Both my Mom and Dad's parents were Swedish immigrants. Dad had told me that the Swedish language was not allowed around the children. However his parents would use Swedish in their evening conversations. Only a few words and phrases could Dad remember. He referred to himself as a “Svenska Pojke,” (Swedish Boy) and Mom as a “Svenska Flicka.” He would use “Tack Sa Myket” (thank you very much) often. There were a few more phrases that have slipped away from me.
At Thanksgiving and Christmas time, both parents had favorite Swedish foods. A braided Swedish coffee bread was always on the table at breakfast, sometimes in the shape of a wreath.
Kanebulla, (cinnamon buns) were also a breakfast treat.
Spritz cookies were a favorite of mine at Christmas time, and still are.
Swedish Limpa bread (Wort Loaf) would also be made by Mom.
Swedish meatballs with gravy, served over mashed potatoes, was always welcome.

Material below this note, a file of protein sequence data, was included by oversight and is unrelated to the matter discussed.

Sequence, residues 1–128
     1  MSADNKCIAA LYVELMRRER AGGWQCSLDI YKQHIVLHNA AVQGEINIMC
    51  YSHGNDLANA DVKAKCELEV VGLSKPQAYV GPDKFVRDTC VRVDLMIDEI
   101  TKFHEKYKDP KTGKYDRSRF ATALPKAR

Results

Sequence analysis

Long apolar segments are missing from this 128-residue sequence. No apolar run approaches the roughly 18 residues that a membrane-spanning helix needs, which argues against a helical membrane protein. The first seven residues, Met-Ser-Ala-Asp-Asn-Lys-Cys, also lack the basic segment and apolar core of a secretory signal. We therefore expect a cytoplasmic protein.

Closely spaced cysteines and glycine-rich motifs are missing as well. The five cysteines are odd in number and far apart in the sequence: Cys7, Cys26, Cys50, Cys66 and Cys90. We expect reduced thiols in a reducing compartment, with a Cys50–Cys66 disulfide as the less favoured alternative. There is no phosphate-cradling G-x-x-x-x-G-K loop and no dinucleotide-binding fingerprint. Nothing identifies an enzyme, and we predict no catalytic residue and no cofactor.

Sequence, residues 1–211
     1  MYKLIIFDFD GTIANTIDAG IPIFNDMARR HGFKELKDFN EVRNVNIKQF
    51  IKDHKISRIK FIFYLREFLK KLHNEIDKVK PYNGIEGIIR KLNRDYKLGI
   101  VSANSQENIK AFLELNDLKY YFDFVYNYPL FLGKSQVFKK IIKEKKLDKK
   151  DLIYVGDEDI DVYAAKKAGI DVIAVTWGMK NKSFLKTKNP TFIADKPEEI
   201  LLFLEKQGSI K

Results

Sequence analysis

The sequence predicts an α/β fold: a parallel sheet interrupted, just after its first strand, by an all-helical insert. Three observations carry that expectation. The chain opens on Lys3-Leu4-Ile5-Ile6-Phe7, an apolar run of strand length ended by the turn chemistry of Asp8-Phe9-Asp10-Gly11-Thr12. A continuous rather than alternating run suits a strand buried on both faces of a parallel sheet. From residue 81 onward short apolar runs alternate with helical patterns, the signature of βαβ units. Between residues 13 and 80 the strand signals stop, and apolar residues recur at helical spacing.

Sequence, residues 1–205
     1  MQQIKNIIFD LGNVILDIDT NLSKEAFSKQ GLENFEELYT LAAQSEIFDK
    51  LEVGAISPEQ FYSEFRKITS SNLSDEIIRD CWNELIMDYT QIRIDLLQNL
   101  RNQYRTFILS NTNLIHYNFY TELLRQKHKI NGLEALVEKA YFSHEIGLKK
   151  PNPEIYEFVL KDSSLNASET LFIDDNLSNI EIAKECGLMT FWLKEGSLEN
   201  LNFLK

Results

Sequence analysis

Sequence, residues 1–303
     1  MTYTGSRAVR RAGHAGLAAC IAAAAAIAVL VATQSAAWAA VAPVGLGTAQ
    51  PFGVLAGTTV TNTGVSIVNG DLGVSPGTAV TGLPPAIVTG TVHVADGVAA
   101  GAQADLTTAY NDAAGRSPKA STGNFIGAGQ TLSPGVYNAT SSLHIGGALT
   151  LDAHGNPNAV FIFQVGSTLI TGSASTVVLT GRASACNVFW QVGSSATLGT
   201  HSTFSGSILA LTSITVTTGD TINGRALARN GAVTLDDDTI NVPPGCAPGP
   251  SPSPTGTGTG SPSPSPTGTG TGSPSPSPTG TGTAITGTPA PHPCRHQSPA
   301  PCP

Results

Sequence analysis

A note here: never, never would I let the peas touch the mashed potatoes. Nothing could touch anything! Boy how things have changed. Oh how I remember picking the onions out of spaghetti sauce -- no onions for me.
I wrote about Knackebrod, crisp bread, published 2/21/11.
It was seldom that this crisp bread wasn't in the cupboard for a snack with cream cheese or blue cheese as a spread. It was my job to mash the wedge of blue cheese with milk to make it spreadable. To this day, it's still my job to mash the blue cheese wedge, and my job to consume the whole damn thing!
At New Years Eve bedtime, my Mom would leave a bowl of porridge for the” Tomte” or “Nisse.” This little creature lived in the cellar and looked over us during night time. I never saw him, nor was I afraid of him. I always wondered where he ate the rest of the year.
Thanks to the “Nisse” our holidays during the Great Depression and WW2, were happy ones.
“Nothing is really lost to us as long as we remember it.” - L. M. Montgomery. The Story Girl.
by Ray Freden, Seaview/ Marshfield, 70 years.